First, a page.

One of the downsides of making music in a DAW like GarageBand is that it’s a lot more difficult to collaborate than with physical instruments. You can’t have spontaneous jams and bounce ideas off of each other in quite the same way. Instead you’re forced to send files back and forth or just try and share a single device, which can really kill the creative flow.
However, GarageBand’s Jam Session function offers a solution, by letting you connect up to four devices running GarageBand over WiFi or Bluetooth and record collaboratively. This means that you can sync projects across devices, so I can jam out a drum beat on my iPad, while my friend adds a bass line using his iPhone and it all gets automatically recording into the session on my device.
So to actually set up a GarageBand Jam Session, all you need to do is go into settings in GarageBand and go to Jam Session. From here you’ve got the choice of either setting up a new session or joining an existing one. Setting up a new session means that you’ll be made the session leader and have control over things like session tempo and key. This means that for anyone who joins the jam, their GarageBand project will be synced to yours so when you hit record you’ll both be perfectly in time. As the session leader, you exclusively have control over playback and recording, although you can turn this off with the Band Leader control and other members of the jam will then also be able to control playback and recording (although they won’t be able to change the tempo and key).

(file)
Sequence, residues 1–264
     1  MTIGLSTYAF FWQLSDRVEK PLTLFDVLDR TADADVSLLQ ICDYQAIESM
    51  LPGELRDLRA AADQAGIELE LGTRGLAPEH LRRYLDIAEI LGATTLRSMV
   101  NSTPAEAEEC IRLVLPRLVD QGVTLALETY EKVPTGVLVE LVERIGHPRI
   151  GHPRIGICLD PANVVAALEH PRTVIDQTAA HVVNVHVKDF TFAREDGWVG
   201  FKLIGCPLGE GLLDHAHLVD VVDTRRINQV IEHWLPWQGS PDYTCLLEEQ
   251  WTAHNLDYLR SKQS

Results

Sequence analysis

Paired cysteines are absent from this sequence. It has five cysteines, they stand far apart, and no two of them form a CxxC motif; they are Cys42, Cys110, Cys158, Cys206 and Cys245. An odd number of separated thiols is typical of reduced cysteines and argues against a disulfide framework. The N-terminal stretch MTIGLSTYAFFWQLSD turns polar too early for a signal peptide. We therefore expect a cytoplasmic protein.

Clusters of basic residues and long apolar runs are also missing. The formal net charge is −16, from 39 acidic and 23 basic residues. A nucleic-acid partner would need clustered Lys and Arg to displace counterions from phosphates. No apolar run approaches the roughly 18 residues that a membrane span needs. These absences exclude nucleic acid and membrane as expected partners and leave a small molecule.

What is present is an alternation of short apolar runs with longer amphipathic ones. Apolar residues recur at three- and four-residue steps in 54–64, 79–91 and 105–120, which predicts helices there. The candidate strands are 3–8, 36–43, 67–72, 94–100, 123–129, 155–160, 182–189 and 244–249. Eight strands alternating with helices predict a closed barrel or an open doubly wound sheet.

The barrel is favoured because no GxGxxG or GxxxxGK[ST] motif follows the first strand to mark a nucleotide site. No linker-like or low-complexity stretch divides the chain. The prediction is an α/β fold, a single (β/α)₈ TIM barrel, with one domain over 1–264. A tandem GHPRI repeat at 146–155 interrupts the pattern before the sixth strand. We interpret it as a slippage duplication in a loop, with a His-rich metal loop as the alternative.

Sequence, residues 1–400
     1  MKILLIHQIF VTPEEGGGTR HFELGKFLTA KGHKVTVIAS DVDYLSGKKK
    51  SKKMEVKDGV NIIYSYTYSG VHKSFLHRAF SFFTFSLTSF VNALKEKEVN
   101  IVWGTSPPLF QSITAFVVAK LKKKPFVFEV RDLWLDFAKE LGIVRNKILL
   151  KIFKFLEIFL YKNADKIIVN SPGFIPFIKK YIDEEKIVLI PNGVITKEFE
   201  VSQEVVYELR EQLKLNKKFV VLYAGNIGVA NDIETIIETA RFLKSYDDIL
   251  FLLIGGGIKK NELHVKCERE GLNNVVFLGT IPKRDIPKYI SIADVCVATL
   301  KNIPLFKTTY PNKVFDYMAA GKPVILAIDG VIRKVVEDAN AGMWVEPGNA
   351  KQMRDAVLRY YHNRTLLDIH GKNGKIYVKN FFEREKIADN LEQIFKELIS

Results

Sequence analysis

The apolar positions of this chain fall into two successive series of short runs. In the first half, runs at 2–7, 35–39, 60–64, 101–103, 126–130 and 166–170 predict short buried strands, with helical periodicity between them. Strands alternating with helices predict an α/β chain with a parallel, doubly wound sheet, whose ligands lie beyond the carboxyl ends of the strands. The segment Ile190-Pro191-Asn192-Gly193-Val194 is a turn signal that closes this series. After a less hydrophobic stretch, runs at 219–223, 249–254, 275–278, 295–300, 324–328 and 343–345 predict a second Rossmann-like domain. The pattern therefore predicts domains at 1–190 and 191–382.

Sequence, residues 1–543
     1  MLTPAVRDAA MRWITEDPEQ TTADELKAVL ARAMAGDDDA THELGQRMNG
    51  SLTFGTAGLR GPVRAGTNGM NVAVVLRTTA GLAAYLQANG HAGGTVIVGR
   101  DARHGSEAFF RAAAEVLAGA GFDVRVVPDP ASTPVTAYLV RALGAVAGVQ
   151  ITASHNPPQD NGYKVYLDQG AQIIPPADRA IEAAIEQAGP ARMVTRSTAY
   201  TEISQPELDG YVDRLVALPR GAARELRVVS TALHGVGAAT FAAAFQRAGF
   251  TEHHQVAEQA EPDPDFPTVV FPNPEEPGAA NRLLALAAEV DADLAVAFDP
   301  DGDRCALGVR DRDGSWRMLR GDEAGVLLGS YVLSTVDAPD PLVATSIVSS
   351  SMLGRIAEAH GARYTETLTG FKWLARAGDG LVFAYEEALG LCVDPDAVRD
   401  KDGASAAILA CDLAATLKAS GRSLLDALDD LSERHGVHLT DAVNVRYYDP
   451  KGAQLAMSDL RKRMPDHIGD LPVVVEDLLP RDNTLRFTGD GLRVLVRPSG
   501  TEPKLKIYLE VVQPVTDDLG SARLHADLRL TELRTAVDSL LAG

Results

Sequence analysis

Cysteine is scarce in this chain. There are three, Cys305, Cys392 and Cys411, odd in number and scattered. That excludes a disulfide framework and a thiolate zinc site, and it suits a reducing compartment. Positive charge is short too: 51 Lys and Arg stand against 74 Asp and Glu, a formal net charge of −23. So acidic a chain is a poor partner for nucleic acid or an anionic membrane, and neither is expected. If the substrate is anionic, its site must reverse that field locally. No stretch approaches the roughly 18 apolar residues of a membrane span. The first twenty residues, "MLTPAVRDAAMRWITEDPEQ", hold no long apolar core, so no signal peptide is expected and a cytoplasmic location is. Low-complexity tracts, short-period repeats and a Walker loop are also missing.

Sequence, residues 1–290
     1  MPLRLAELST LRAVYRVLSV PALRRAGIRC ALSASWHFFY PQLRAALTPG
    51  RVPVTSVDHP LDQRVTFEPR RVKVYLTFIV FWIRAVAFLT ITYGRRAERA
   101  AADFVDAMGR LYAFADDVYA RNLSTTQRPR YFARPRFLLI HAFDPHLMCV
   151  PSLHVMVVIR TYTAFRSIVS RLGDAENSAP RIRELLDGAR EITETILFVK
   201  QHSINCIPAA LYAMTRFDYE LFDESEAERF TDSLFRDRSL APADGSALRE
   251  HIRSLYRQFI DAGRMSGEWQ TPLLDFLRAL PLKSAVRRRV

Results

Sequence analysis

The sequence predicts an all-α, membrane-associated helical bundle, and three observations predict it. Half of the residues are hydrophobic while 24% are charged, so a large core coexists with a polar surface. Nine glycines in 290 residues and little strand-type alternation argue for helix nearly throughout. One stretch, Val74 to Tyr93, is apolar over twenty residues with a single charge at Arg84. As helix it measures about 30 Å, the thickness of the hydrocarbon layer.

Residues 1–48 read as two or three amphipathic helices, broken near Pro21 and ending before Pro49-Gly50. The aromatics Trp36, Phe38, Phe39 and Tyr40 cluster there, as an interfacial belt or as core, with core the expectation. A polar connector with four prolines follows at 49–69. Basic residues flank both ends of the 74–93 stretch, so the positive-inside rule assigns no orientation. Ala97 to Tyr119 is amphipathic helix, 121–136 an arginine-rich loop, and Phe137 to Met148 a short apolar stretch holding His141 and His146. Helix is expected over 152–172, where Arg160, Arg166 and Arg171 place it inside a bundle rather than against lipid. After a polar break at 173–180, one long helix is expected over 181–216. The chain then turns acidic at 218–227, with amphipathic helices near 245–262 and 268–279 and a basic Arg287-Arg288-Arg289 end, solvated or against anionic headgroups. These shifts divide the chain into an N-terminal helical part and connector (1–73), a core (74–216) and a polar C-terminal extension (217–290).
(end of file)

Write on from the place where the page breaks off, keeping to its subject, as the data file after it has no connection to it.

The other option you have as the session leader is to Auto-Collect recordings. This means as soon as you’ve finished recording, everyone else’s recordings will be automatically copied over to your iPad. Otherwise you can select which tracks you want to copy across once recording has finished. The other great thing is that all of the recordings are copied over as MIDI which means that you can then edit and fix any mistakes.
The one thing to be aware of with Jam Session is that you’ll only be able to hear what you’re playing out of your iPad’s internal speakers. This means that to make sure that you can hear what everyone else is playing you’ll need to be able to hear the output of their iPad. This might be fine if it’s only a couple of you jamming, as you can make sure you’re close enough to hear the other person’s iPad. However, if it’s a larger group then huddling round to hear each other’s iPad speakers isn’t ideal. In this scenario, you’re better off running your devices through a mixer and into some speakers to make sure everyone can hear what’s going on clearly.
So that’s all there is to it in terms of setting up a GarageBand Jam Session, it’s now up to you to go and jam yourself!